HIV can enter the body through a vein (e.g., injection drug use), the anus or rectum, the vagina, the penis, the mouth, other mucus membranes (e.g., eyes or inside of the nose), or cuts and sores. Intact, healthy skin is an excellent barrier against HIV and other viruses and bacteria.
These are the most common ways that HIV is transmitted from one person to another:
• by having sexual intercourse (anal, vaginal, or oral sex) with an HIV-infected person
• by sharing needles or injection equipment with an injection drug user who is infected with HIV
• from HIV-infected women to babies before or during birth, or through breast-feeding after birth
Can I get HIV from kissing on the cheek?
HIV is not casually transmitted, so kissing on the cheek is very safe. Even if the other person has the virus, your unbroken skin is a good barrier. No one has become infected from such ordinary social contact as dry kisses, hugs, and handshakes.
Can I get HIV from open-mouth kissing?
Open-mouth kissing is considered a very low-risk activity for the transmission of HIV. However, prolonged open-mouth kissing could damage the mouth or lips and allow HIV to pass from an infected person to a partner and then enter the body through cuts or sores in the mouth.
Can I get HIV from performing oral sex?
Yes, it is possible for you to become infected with HIV through performing oral sex. There have been a few cases of HIV transmission from performing oral sex on a person infected with HIV. While no one knows exactly what the degree of risk is, evidence suggests that the risk is less than that of unprotected anal or vaginal sex. Blood, semen, pre-seminal fluid, and vaginal fluid all may contain the virus. Cells in the mucous lining of the mouth may carry HIV into the lymph nodes or the bloodstream. The risk increases if you have cuts or sores around or in your mouth or throat; if your partner ejaculates in your mouth; or if your partner has another sexually transmitted disease (STD).
How effective are latex condoms in preventing HIV?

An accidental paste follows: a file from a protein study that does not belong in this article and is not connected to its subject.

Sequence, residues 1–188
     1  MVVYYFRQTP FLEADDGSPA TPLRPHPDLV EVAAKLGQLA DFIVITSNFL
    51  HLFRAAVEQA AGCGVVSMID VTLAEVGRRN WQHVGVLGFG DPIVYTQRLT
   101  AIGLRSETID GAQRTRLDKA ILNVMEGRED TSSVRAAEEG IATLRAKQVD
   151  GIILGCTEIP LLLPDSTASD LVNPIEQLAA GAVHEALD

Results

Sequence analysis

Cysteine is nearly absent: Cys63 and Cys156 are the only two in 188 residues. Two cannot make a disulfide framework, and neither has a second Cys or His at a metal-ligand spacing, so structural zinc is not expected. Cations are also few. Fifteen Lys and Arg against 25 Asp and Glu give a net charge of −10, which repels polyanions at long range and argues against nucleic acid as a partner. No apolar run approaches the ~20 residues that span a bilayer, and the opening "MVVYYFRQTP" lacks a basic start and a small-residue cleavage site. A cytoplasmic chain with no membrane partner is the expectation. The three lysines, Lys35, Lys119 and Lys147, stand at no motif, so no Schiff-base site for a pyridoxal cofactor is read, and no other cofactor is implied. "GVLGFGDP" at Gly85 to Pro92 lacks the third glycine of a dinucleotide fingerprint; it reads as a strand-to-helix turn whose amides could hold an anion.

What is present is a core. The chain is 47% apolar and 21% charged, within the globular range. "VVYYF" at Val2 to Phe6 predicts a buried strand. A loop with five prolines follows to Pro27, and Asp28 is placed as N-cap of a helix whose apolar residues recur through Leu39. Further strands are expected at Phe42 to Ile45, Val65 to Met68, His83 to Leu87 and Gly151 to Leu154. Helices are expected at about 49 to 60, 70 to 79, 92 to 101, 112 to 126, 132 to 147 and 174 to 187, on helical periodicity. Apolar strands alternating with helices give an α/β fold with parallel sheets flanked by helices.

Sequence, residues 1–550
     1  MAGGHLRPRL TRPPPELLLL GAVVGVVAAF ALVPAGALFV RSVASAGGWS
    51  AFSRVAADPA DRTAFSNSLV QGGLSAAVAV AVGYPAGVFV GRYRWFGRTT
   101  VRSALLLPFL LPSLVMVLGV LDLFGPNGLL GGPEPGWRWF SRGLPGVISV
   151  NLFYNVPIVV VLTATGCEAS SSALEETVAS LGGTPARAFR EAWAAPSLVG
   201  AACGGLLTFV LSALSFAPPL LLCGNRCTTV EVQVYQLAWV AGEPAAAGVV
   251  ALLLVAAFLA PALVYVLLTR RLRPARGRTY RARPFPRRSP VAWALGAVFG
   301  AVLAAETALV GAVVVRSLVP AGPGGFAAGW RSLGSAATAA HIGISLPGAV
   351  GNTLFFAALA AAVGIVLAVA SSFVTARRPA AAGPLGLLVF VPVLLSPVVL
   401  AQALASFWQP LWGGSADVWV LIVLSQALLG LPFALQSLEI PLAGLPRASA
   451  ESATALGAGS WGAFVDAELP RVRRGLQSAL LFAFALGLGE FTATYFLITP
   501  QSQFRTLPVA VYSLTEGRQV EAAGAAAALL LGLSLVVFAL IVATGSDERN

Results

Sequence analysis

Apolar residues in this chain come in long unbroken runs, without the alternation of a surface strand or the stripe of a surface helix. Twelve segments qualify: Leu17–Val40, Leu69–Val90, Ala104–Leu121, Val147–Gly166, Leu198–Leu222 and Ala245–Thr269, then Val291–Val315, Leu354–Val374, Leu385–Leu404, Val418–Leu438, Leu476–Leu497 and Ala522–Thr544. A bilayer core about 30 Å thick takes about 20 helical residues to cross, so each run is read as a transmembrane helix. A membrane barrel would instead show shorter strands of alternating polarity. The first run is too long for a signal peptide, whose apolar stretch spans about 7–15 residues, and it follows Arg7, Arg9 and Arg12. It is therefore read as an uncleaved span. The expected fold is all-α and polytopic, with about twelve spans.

Studies have shown that latex condoms are highly effective in preventing HIV transmission when used consistently and correctly. These studies looked at uninfected people considered to be at very high risk of infection because they were involved in sexual relationships with HIV-infected people. The studies found that even with repeated sexual contact, 98-100 per cent of those people who used latex condoms correctly and consistently did not become infected.
Is there a connection between HIV and other sexually transmitted diseases?
Yes. Having a sexually transmitted disease (STD) can increase a person`s risk of becoming infected with HIV, whether the STD causes open sores or breaks in the skin (e.g., syphilis, herpes, chancroid) or does not cause breaks in the skin (e.g., chlamydia, gonorrhea).
If the STD infection causes irritation of the skin, breaks or sores may make it easier for HIV to enter the body during sexual contact. Even when the STD causes no breaks or open sores, the infection can stimulate an immune response in the genital area that can make HIV transmission more likely.
In addition, if an HIV-infected person also is infected with another STD, that person is three to five times more likely than other HIV-infected persons to transmit HIV through sexual contact.
Not having (abstaining from) sexual intercourse is the most effective way to avoid STDs, including HIV. For those who choose to be sexually active, the following HIV prevention activities are highly effective
• Engaging in sex that does not involve vaginal, anal, or oral sex
• Having intercourse with only one uninfected partner
• Using latex condoms every time you have sex
Why is injecting drugs a risk for HIV?
At the start of every intravenous injection, blood is introduced into needles and syringes. HIV can be found in the blood of a person infected with the virus. The reuse of a blood-contaminated needle or syringe by another drug injector (sometimes called `direct syringe sharing`) carries a high risk of HIV transmission because infected blood can be injected directly into the bloodstream. In addition, sharing drug equipment (or `works`) can be a risk for spreading HIV. Infected blood can be introduced into drug solutions by using blood-contaminated syringes to prepare drugs; reusing water; reusing bottle caps, spoons, or other containers (`spoons` and `cookers`) used to dissolve drugs in water and to heat drug solutions; or reusing small pieces of cotton or cigarette filters (`cottons`) used to filter out particles that could block the needle.
Can I get HIV from getting a tattoo or through body piercing?
A risk of HIV transmission does exist if instruments contaminated with blood are either not sterilized or disinfected or are used inappropriately between clients. Instruments that are intended to penetrate the skin should be used once, then disposed of or thoroughly cleaned and sterilized.